The Namyanju dog farm rescue that started in April finally finished on August 9th with the liberation of all 220 dogs incarcerated there.
Our wonderful volunteers have been caring for the ones that were removed earlier, and with a lot of love and some veterinary treatment—and a lot of support from our supporters—a lot of them are doing much better now, and showing signs of recovery.
In 2017, we discovered a large illegal dog farm in the greenbelt area of Namyangju, a city north-east of Seoul, and surveilled it for a while. Following that, and after a long and difficult negotiation, we were able to persuade the dog farmer to shut down the dog farm and hand the dogs over.
Dog meat slaughterers ousted from Moran Market are trying a new trick. They have illegally occupied land owned by Korea Land & Housing Corporation, claiming their facilities were on this land prior to being bought and that LHC owes them compensation before they move out to ‘allow’ the construction of a new apartment block.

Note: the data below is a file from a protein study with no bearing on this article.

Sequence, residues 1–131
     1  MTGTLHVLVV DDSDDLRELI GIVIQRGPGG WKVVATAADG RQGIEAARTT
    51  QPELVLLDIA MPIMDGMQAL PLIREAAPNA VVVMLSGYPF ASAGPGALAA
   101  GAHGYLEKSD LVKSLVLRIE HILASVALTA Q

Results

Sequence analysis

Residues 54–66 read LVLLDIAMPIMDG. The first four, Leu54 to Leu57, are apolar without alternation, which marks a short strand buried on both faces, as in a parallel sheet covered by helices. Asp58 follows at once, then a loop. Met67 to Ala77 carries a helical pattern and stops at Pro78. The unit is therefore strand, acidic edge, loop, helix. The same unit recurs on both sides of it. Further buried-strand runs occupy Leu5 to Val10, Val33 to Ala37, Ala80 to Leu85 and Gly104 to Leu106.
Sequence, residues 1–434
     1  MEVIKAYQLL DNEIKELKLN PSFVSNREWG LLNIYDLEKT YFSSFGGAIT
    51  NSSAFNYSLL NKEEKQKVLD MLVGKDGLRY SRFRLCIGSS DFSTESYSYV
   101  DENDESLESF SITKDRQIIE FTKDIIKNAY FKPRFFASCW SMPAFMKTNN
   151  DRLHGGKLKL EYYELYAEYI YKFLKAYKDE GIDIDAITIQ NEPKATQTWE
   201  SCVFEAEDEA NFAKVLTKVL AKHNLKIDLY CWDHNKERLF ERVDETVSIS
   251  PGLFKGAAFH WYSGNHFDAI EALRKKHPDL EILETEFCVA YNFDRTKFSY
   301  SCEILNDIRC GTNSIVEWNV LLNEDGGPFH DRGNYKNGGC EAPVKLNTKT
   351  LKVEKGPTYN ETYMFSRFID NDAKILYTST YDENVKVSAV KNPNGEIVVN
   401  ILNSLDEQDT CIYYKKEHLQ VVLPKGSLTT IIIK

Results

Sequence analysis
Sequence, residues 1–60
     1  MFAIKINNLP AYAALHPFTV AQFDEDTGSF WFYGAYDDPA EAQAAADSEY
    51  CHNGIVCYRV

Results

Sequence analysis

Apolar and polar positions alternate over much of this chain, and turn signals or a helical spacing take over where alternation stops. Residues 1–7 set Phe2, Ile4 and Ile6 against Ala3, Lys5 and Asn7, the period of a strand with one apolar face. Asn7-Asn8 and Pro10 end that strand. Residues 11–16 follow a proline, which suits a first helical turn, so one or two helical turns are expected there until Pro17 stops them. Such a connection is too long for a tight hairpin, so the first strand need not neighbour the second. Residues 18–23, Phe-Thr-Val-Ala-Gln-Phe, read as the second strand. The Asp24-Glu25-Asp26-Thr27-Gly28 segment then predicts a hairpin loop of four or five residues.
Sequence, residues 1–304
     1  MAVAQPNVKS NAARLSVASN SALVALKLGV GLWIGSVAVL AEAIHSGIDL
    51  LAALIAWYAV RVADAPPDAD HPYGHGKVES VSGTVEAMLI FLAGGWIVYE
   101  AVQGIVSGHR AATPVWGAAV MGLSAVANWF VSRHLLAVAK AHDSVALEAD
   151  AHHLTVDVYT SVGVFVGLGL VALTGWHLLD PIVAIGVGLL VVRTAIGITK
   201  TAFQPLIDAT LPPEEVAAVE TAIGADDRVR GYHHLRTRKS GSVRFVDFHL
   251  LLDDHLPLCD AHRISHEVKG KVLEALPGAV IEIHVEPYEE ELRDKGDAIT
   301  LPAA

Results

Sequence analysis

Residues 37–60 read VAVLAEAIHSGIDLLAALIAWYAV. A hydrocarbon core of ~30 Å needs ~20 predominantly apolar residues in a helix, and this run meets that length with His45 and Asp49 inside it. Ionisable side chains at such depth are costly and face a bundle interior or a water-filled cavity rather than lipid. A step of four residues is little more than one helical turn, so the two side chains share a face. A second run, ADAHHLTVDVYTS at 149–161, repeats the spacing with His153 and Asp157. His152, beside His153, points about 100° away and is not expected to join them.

On May 30th, CARE and local police raided a dog-fighting pit in Ganghwa Island, off the north-west coast of South Korea right on the border with North Korea. We asked the police to take the two blood-covered dogs that were fighting as we arrived, Gumdoongii and Nurungii, but they refused.
A large fire in the East District of Ulsan, a city in south east South Korea, engulfed a dog meat farm, severely burning some of the dogs. Instead of tending to the injured dogs, the farm owner decided to leaving them to die from their injuries one by one.
An urgent report came in from a village in Yangpyeong, Gyeonggi Province, South Korea in December. The report was about two dogs, one with one-eye, and the other bloodstained, left tied up on short leashes.